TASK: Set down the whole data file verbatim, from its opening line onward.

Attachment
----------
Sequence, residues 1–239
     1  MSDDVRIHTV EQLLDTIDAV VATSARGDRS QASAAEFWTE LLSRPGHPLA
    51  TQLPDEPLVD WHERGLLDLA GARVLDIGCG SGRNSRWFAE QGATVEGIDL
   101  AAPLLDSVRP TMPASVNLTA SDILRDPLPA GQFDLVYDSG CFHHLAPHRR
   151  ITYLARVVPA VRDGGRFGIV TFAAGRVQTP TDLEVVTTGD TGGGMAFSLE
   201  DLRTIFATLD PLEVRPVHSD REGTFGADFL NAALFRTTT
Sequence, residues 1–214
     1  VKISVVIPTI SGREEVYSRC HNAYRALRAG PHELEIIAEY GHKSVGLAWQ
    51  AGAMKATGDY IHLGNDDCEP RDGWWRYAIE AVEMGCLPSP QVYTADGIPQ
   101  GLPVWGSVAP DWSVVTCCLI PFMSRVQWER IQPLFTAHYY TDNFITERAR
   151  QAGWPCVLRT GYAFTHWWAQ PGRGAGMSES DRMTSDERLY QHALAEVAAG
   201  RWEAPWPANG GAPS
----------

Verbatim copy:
Sequence, residues 1–239
     1  MSDDVRIHTV EQLLDTIDAV VATSARGDRS QASAAEFWTE LLSRPGHPLA
    51  TQLPDEPLVD WHERGLLDLA GARVLDIGCG SGRNSRWFAE QGATVEGIDL
   101  AAPLLDSVRP TMPASVNLTA SDILRDPLPA GQFDLVYDSG CFHHLAPHRR
   151  ITYLARVVPA VRDGGRFGIV TFAAGRVQTP TDLEVVTTGD TGGGMAFSLE
   201  DLRTIFATLD PLEVRPVHSD REGTFGADFL NAALFRTTT
Sequence, residues 1–214
     1  VKISVVIPTI SGREEVYSRC HNAYRALRAG PHELEIIAEY GHKSVGLAWQ
    51  AGAMKATGDY IHLGNDDCEP RDGWWRYAIE AVEMGCLPSP QVYTADGIPQ
   101  GLPVWGSVAP DWSVVTCCLI PFMSRVQWER IQPLFTAHYY TDNFITERAR
   151  QAGWPCVLRT GYAFTHWWAQ PGRGAGMSES DRMTSDERLY QHALAEVAAG
   201  RWEAPWPANG GAPS